Spaceships and Hollywood

Spock and Kirk
First officer Spock (left) and Captain Kirk on the Starship Enterprise didn’t float inside their spaceship because of “artificial gravity.”

Spoiler alert – in the future there never will be artificial gravity – astronauts won’t be able to walk around in spaceships.

In the movies most spaceships like the Starship Enterprise employ a convenient technology they call “artificial gravity” to overcome this weightlessness problem. In a few movies they even rotate parts of the ship, though the part of the ship that rotates often has no relevance to the part of the space ship people are walking around in.

No matter. Walking around is a convenient way to avoid a big budget.

Battle-Spaceship - gravity inside will not exist
This battle-spaceship shows not even an attempt to justify how people inside seem to have no problem walking around.

Weightlessness is a pesky little problem and we’ve become comfortable accepting that on spaceships of the future you’ll be solidly on the floor. Venture outside to fix anything and you’ll be weightless maybe (unless you use something they call “gravity boots”) but inside, put something on a table and it stays on the table. People won’t be weightless in spaceships in the future.

That’s why they call this stuff science fiction. There won’t be any artificial gravity and to the dismay of Kirk and Spock a spaceship that looks like their’s will have weightless people inside.

Von Braun Spacewheel
The Von Braun Spacewheel is the only design occupants could have “artificial gravity” via centripetal acceleration.

Another design, a real design, for a spaceship that would actually have “artificial gravity” is called the Von Braun spacewheel, and envisioned in movies wanting more realism. The Von Braun spacewheel looks like this contraption. Of course, it spins and as it does the occupants inside experience centripetal acceleration, also sometimes known as artificial gravity.

So why doesn’t NASA build one of these?

Well, along comes the real world, pushing Hollywood right outta there.

  1. They don’t have the lifting power to get all the parts up there. It’s doubtful the Falcon-heavy will be utilized for such a project.
  2. Assembly and then pressuring it inside are formidable obstacles. This is not impossible, but beyond available budgets.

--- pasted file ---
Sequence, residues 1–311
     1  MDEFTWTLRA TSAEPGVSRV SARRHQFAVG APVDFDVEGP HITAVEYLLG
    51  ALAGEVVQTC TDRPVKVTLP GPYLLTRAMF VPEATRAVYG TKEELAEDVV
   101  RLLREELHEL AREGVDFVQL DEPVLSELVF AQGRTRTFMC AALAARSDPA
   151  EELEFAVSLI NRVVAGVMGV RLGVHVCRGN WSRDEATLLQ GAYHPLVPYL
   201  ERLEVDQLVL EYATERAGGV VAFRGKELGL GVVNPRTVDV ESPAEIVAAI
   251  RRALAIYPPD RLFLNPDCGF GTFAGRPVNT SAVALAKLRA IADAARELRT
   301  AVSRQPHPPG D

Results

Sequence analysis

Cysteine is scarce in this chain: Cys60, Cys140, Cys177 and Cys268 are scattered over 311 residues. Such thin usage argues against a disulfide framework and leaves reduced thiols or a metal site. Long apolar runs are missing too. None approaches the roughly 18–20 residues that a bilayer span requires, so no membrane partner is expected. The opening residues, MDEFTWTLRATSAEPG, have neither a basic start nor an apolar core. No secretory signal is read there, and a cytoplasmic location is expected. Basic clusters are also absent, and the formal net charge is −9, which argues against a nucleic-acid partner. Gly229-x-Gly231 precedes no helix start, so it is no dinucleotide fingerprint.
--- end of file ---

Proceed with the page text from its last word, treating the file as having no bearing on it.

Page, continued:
3. Zero gravity laboratories, like the present International Space Station have taught us that research in microgravity environments is valuable.
  4. With exercise, astronauts do just fine, so why bother?

Alas, we may send people to Mars one day, but those poor ol’ chaps will be weightless all the way, and exercise like they do on the ISS.

Why do scientists think there might be life on earth like planets when aliens might survive hot temperatures with no water?

Good point. Great question. We just look for the most “likely” places life might develop. Interestingly, though, there are lifeforms like the ones you describe here on Planet Earth!

You can find these lifeforms in Chile, specifically the Atacama desert. This place is burning hot and has had no significant rainfall in at least 250 years.

According to “While in the central valleys [of the Atacama desert], researchers found 70 species of microorganisms and further inland, the team made another shocking discovery.” What they found, 1 meter deep, was actual living bacteria.

Life does exist in extreme conditions sometimes on Earth. Why not elsewhere, like Mars for instance?

So far, however, we haven’t found any life or former evidence of life, anywhere except here on Earth.

It leads us to believe that if life is out there somewhere, the most likely place to find it would be in conditions that are similar to various climates and places on Earth.

Is it possible for a planet, such as Mars, to develop a liveable atmosphere on its own? What would it take?

If you placed a 100 kg steel ball on the surface of Jupiter, how deep would it descend until it vaporizes?

Let’s turn this around and look at the one place on Earth we know has more pressure than anywhere else: Challenger Deep, the deepest part of the Mariana Trench. It’s almost 7 miles down. If you drop a 100 kg steel ball down into the ocean there, that ball will not vaporize. It might, however, get smaller.

The same would happen to the steel ball on Jupiter. It’s thought that somewhere down there inside Jupiter the gravity is so intense that gas forms a solid core, and the pressures are much greater than at Challenger Deep. So your steel ball might get crunched down, but never vaporized.

Space Debris – A Dodging Problem

This is a no frill video (no audio) produced by scientists, to depict just how much junk “litter” we have floating around up in space, some of it going 35,000 miles per hour.

Just something to think about.